At Wilderness Scotland, we enjoy taking travellers from around the world on amazing journeys through the Scottish countryside.
Part of the charm of our country is our distinctive language and even those who can speak fluent English may struggle to understand some of our local dialects. But fear not, we’re here to help you learn all about bairns (kid) bampots (crazy people) quines (girls) and loons (young men). Scotland’s many dialects can change in a relatively small distance keeping even us Scots on our toes. Keep this handy phrasebook will have you havering (talking rubbish) with the locals in no time!
Pronounced – Eye
Meaning – Yes
Meaning – Small
Meaning – a measure of whisky
Example sentence: “Aye, I’d love a wee dram.”
Meaning – to take time to sort something out/ get something done
Meaning – to know something or someone
Meaning – food
Example sentence: “After we faff around here, I ken a good place to get some scran.”
Meaning –very warm and sunny
Meaning – beautiful
Meaning – very hot (anything over 18 degrees C)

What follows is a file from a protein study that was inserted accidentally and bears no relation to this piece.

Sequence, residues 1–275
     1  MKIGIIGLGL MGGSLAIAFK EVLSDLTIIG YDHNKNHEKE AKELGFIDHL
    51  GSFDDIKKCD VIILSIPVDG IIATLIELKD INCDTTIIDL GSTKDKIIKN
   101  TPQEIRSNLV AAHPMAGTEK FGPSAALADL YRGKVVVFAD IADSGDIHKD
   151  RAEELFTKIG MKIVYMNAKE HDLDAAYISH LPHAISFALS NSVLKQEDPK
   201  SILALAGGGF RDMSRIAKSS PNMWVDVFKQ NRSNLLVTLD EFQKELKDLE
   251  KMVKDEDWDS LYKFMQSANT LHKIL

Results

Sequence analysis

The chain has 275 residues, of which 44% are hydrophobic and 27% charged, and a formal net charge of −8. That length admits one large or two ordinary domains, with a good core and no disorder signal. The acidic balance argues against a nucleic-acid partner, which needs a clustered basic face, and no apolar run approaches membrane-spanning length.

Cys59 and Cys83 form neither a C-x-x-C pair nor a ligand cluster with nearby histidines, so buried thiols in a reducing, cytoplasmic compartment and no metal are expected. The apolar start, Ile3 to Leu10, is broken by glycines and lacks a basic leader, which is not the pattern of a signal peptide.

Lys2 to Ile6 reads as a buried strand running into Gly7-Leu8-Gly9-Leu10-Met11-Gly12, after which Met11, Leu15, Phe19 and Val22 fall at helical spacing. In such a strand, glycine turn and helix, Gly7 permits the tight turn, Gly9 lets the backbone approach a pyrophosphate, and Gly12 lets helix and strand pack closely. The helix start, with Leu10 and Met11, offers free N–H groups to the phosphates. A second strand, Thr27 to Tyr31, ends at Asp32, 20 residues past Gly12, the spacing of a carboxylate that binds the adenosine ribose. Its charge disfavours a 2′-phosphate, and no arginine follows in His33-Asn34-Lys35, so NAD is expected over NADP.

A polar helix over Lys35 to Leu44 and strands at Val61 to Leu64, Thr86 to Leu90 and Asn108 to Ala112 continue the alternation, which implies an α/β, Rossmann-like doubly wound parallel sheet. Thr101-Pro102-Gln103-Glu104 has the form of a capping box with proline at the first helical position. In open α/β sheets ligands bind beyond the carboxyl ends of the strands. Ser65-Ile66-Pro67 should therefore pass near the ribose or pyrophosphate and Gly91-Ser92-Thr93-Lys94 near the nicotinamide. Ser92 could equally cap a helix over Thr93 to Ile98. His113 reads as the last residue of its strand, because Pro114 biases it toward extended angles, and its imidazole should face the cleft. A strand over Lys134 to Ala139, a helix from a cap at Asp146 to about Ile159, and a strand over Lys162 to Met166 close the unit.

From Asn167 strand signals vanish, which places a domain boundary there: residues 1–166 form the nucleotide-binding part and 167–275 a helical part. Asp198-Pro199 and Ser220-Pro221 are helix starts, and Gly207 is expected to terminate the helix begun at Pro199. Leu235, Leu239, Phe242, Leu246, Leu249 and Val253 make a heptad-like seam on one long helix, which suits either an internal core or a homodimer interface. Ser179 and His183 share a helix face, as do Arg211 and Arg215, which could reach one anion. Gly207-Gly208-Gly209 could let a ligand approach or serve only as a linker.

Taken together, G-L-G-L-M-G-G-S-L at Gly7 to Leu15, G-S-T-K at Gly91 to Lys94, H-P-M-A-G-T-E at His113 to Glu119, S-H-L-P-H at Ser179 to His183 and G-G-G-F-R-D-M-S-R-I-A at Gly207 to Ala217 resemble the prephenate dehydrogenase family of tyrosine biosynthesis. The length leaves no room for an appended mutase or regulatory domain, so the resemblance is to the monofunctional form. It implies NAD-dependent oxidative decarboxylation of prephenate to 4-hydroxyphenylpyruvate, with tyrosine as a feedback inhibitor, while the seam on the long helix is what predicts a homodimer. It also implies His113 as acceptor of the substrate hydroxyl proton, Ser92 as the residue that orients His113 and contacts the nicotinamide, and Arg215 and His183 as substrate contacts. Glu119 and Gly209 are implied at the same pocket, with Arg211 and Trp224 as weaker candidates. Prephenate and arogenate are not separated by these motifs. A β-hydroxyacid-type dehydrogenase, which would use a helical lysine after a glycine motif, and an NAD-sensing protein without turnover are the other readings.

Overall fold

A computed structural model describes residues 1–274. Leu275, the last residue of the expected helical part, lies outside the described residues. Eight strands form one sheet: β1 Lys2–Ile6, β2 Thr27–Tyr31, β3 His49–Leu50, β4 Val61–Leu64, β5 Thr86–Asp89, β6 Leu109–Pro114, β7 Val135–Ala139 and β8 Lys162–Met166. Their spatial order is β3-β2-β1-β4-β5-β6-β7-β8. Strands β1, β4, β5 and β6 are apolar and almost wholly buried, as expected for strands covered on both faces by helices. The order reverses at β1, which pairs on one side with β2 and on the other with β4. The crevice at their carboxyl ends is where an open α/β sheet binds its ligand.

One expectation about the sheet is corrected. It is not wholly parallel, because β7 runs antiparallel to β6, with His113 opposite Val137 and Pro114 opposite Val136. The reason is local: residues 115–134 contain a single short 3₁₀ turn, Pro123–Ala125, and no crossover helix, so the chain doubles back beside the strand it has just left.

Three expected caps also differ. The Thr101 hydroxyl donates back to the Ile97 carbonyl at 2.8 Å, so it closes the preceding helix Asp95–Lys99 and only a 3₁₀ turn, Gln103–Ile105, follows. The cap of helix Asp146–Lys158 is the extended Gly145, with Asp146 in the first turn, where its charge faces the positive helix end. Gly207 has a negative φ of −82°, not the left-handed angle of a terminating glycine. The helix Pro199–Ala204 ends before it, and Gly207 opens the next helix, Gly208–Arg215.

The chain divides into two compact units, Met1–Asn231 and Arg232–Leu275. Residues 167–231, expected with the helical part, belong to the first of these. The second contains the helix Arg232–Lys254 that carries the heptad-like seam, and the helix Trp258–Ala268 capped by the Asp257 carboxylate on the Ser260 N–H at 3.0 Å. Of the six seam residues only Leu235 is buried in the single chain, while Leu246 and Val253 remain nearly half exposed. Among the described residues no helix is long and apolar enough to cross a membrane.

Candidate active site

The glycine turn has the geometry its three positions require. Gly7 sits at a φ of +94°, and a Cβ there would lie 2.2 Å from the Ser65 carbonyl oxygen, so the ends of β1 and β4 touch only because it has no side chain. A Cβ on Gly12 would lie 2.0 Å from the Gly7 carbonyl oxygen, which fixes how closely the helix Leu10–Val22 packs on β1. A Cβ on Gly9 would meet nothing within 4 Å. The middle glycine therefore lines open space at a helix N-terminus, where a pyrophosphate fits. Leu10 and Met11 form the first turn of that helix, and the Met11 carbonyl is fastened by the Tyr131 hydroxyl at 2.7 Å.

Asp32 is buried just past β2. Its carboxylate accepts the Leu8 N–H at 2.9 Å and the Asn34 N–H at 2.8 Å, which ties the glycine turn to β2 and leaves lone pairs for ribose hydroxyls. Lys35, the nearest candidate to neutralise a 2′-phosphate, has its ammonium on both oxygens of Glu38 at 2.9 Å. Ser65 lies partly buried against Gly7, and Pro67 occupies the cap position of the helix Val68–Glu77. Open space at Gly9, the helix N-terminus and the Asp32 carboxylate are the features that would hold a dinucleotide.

Meaning – great
Meaning – not very nice
Meaning – see above
Meaning – (dreech), overcast/ drizzling
Meaning – cold
Meaning – (Droothy) Thirsty
Meaning – Tired
Meaning – Dirty/ muddy (mingin’/ boggin’ also work here)
Translation – Long may your chimney smoke
Meaning – I wish you well for the future
Translation – Hold your tongue
Meaning – Be quiet!
Translation – keep your head
Meaning – stay calm and carry on!
Translation – Many a small thing makes a big thing.
Meaning – All the small things add up (For example: one step may add up to a big distance)
Translation – You make a better door than a window (sarcastic).
Meaning – You are obscuring my view!
Translation – Q: How’s your pigeons? A: They are still pecking
Meaning – Q: How are you doing? A: Very well thank you.
May 02, 2020
88 review(s)View Trip Details
Be the first to hear about new trips, locations and activities with our monthly newsletter